Neil Visalvanich’s column, “Twisted Right-Wing Morality Values” (Daily Nexus, March 28) is a textbook example of the hypocrisy and intellectual slothfulness that epitomizes the worst of the contemporary Left.

For example, Visalvanich apparently believes that providing food and water to Terri Schiavo is “unnatural.” If that is the case, I would like to see him try to survive with no food or water. He tries to demonstrate his respect for life by giving himself the almighty power to decide whose life has enough “quality” to be worth living. In his world, Schiavo must die because he feels she isn’t worthy of life. He refers to Congress’ intervention in her case as “judicial activism,” thus not only confusing the legislative and judicial branches of government, but also forgetting that this was a court case to begin with. Admittedly there is a great deal of controversy surrounding both the severity of Schiavo’s condition and how to best honor her wishes – but Visalvanich mentions none of this.

In Visalvanich’s world, the best way to improve the lives of poor children is to kill them while they are very young – i.e. prior to birth. He completely dodges the humanity of the unborn child. He seems to think the number of abortions should be reduced, but cannot offer any sensible reason as to why this is any more important than reducing the number of colonoscopies or wart removal procedures.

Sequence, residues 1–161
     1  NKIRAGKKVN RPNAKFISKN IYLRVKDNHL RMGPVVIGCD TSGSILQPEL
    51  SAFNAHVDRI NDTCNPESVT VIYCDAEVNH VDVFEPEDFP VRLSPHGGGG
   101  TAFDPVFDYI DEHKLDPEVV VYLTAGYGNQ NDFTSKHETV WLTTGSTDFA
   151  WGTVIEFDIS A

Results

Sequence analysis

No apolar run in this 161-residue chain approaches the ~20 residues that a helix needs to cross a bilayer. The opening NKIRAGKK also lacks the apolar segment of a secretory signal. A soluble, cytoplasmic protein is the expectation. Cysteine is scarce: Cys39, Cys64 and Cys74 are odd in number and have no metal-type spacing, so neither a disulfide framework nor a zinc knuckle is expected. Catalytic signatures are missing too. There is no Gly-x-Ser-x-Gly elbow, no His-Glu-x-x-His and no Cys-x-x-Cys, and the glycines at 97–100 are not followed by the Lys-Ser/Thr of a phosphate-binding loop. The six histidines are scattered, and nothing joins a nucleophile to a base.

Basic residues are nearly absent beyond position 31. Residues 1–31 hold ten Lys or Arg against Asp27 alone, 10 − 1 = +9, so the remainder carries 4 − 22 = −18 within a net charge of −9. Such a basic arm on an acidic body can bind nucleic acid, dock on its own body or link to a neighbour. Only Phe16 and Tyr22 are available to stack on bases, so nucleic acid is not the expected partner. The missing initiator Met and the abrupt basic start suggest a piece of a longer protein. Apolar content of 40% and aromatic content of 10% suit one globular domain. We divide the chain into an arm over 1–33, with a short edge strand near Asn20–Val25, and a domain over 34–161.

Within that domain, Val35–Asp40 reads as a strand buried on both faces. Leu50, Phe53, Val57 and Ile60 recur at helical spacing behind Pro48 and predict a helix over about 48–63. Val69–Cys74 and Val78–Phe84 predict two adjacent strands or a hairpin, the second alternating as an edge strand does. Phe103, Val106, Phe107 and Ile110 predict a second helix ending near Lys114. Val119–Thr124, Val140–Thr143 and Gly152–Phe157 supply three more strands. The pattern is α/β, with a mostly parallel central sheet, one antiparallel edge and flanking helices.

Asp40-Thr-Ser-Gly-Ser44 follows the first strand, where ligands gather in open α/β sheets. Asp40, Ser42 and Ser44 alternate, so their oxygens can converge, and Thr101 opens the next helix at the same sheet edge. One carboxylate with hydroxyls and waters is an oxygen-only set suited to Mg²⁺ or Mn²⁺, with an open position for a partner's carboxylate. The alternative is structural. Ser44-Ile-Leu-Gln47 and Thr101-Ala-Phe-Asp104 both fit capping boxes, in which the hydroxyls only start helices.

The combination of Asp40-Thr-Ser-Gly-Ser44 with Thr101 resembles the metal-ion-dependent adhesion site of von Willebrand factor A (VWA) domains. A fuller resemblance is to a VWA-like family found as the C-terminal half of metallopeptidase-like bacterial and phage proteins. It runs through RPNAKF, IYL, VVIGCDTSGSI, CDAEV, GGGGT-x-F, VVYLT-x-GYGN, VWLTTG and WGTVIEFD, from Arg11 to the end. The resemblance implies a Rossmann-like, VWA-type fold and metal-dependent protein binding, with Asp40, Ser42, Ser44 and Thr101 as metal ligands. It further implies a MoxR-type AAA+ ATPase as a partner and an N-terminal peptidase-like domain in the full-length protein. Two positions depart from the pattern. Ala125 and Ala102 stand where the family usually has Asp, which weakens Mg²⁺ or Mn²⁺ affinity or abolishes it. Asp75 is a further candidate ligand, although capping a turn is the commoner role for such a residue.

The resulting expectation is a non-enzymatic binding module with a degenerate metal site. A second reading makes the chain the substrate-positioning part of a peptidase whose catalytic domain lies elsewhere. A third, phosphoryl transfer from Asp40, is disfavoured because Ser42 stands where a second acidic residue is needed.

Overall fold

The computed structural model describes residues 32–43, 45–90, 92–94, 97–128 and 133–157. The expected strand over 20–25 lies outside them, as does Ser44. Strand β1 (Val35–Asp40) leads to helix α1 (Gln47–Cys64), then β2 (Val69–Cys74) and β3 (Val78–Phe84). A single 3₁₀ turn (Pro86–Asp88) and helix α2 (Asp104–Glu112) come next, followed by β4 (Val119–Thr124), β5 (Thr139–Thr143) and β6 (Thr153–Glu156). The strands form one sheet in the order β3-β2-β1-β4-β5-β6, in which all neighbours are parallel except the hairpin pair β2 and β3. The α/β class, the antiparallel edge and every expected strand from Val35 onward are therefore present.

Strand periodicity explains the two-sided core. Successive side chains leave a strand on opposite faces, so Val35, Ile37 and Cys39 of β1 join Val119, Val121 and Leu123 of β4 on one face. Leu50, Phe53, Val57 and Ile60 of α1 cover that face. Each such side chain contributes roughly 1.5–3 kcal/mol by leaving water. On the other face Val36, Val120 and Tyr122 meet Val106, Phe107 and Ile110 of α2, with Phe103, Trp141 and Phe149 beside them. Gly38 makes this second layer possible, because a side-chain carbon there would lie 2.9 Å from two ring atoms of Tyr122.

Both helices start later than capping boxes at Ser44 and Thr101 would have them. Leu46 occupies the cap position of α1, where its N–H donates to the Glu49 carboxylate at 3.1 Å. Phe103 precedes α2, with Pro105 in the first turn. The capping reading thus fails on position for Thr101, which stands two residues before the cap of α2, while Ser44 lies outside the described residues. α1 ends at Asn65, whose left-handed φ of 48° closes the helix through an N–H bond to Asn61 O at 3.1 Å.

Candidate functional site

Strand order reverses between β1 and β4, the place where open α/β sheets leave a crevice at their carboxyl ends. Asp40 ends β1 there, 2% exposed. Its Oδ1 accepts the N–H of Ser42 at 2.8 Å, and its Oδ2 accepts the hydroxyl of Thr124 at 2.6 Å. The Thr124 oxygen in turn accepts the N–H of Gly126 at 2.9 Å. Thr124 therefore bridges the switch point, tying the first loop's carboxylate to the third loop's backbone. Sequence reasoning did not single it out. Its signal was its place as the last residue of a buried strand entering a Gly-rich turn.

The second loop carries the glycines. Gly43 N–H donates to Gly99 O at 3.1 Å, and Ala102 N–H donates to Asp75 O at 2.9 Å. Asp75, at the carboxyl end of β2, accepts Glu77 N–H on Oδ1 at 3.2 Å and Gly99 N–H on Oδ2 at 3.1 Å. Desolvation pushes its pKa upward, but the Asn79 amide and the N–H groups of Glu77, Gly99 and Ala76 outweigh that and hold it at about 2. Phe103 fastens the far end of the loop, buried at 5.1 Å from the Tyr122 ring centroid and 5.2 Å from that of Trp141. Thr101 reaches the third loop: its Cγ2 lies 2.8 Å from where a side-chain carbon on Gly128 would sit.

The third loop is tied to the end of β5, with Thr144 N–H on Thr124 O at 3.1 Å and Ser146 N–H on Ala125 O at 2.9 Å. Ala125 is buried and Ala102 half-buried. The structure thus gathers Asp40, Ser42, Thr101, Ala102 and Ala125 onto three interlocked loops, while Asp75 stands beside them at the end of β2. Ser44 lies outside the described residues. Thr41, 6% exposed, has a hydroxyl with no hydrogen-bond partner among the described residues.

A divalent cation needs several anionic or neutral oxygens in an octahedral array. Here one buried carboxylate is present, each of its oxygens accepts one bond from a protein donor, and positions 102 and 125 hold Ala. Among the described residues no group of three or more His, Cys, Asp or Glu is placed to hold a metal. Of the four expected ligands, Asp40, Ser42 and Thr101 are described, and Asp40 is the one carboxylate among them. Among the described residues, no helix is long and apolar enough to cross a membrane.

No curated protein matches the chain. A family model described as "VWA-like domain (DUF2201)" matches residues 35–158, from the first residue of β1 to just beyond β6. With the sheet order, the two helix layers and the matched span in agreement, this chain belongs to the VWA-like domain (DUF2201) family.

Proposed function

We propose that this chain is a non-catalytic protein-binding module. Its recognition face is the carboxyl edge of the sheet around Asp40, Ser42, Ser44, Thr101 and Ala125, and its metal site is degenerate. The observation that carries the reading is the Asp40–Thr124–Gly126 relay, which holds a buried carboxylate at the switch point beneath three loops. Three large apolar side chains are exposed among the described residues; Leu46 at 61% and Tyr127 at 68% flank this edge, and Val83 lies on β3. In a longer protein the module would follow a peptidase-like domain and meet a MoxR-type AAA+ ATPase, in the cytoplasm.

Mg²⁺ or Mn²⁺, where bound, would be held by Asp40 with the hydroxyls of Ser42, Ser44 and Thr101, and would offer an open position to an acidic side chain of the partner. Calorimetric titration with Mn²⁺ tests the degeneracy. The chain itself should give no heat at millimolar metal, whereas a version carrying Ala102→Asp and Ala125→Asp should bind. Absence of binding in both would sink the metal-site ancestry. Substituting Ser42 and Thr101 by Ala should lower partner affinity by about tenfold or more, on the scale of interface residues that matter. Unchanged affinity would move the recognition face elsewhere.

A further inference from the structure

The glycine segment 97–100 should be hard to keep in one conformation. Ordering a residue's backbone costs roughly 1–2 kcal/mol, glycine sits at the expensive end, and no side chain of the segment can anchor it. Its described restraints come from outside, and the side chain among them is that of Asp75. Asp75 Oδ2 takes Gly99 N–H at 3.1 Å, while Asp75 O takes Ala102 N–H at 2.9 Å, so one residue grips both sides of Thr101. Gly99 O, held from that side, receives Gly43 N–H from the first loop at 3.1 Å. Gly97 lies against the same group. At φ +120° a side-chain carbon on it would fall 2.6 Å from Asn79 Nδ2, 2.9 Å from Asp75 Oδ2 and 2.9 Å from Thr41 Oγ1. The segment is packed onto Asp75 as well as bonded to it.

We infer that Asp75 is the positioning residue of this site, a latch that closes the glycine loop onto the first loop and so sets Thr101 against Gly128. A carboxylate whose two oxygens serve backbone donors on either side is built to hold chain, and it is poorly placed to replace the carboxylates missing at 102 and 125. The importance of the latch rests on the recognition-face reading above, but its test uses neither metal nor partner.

He calls death by dehydration and starvation “honorable and natural,” yet I doubt he would ever want to die in such a horrific way. Then again, given the content of his column, perhaps his quality of life is actually rather low. He suffers from extreme paranoia about “theocracy” and “an almost Stalin-esque form of moral censorship on the media,” appears numb to an astounding level of ignorance regarding the issues he chooses to address, and seems to be infected with a general belief that people with deeply held moral convictions should be banned from the political process.

Given these symptoms, perhaps Visalvanich ought to be grateful that his Christian conservative opponents have an innate respect for the sanctity of life and thus will always believe that his life is, in fact, worth living.

Scott Roney is a graduate student in chemical engineering.